Sunday, March 13, 2011


"Daddy!!!" That's what I've heard from my little girl her entire life. She scolds me with it for doing something wrong, saying the wrong thing, acting the wrong way, or just being a weird Dad. I've gotten quite used to it. It's never delivered with an attitude or disrespect, just the fun love a little girl has for her father when she notices I've been teasing her.

Lately the "Daddy!!!" has been used in a different way since we found out about the cancer. It comes at times of pain, worry, and frustration. Times when she's forced to lay flat on her back in hopes of keeping spinal fluid from leaking and creating a massive headache for the next three days. It comes when Mom isn't in the recovery room because she was finally able to leave and eat in the hospital cafeteria, gathering her thoughts and grasping at sanity, crying tears that she doesn't want Emma to see, and Dad is the one by her side. It comes when the needles enter the room, are cleaned, and get closer and closer. I know, I understand that I'm second best, most of the time, and nothing fills a void like Mom.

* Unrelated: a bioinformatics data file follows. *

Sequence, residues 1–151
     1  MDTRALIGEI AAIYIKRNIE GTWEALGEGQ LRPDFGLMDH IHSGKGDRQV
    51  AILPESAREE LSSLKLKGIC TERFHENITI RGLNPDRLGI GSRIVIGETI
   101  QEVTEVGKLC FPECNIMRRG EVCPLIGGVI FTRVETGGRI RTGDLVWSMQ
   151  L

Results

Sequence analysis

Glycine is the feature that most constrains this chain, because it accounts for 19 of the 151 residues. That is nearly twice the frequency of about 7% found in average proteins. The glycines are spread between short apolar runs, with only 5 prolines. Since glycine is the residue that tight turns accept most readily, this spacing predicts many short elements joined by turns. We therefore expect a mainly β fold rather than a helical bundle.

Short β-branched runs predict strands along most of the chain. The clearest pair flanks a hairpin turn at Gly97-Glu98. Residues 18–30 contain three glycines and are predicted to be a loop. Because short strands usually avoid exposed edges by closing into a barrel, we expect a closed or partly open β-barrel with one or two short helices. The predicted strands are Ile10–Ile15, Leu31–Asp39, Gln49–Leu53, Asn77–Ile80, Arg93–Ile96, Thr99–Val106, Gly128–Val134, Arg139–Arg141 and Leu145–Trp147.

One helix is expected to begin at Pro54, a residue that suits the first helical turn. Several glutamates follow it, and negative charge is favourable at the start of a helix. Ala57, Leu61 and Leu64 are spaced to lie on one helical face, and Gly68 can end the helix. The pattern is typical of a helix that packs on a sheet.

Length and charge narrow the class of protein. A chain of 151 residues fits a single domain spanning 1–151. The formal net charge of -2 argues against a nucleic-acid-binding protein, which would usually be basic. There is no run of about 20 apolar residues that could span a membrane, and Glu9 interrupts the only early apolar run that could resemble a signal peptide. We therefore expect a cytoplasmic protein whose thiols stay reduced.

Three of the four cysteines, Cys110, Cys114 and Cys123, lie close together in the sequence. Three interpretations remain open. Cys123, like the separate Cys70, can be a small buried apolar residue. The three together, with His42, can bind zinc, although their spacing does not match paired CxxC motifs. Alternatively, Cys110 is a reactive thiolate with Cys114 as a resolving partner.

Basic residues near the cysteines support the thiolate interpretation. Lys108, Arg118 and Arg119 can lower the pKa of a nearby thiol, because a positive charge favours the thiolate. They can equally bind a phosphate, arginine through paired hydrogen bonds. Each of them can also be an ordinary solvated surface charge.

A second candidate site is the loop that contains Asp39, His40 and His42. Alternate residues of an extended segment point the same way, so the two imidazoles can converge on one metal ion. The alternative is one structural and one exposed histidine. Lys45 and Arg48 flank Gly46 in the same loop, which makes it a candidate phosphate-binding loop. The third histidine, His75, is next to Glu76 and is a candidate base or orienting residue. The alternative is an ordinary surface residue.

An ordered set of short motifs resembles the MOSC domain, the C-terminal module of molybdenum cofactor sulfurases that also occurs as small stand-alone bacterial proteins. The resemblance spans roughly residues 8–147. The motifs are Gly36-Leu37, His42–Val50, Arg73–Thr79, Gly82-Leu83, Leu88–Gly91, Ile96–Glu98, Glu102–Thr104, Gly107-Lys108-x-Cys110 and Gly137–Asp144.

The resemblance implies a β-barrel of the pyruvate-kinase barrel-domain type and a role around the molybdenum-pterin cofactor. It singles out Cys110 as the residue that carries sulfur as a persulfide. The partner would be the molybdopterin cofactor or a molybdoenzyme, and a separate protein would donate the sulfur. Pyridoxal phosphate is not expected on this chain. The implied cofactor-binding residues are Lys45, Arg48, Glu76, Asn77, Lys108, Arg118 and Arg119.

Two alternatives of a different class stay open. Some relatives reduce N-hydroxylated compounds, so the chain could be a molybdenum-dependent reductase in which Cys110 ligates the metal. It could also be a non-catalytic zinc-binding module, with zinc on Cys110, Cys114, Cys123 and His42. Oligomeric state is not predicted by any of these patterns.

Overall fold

Our roll as the Dad is usually different. We tend to work in the shadows, unnoticed. We're there to support, love, fix, and save. The last two items in that list are the hardest part for me with this new journey. I've had a perpetual headache for the last two months due to my lack of ability to fix my little girl. I can't save her now. I can't take this pain away. I can't put the hair back. I can't scoop her up and sing this away or distract her with my Daddy magic. This constant internal frustration must be the cause of the headaches, which in time will go away I'm sure. Her Daddy isn't built for this. My strength and determination isn't enough. This won't go away without some serious medical and spiritual help.

I often would wonder when I die, who would show up to the funeral? If, when something bad happens, who would lend a hand and offer to help? When the bomb was dropped and our lives torn to pieces on February 16, 2011 at 4:45pm, a gear was put into play within our transmission of life and faith that had never been used. I didn't even know it was there. Family, friends, close neighbors, and people we've never met, began to jump into action. I didn't ask for it. All I did as I was clouded in shock, anger, frustration, and the most raw sadness I've ever felt, was text my Daddy, stating that "we need some serious help, Emma has Lymphoma." This rush of love and support from you, our support network, scooped us all up like I couldn't do. It provided the strength and determination I lacked. It amazed me. It still daily amazes me. You've all been there this entire time and I've been too oblivious to notice. I hope I say "Thank You" enough.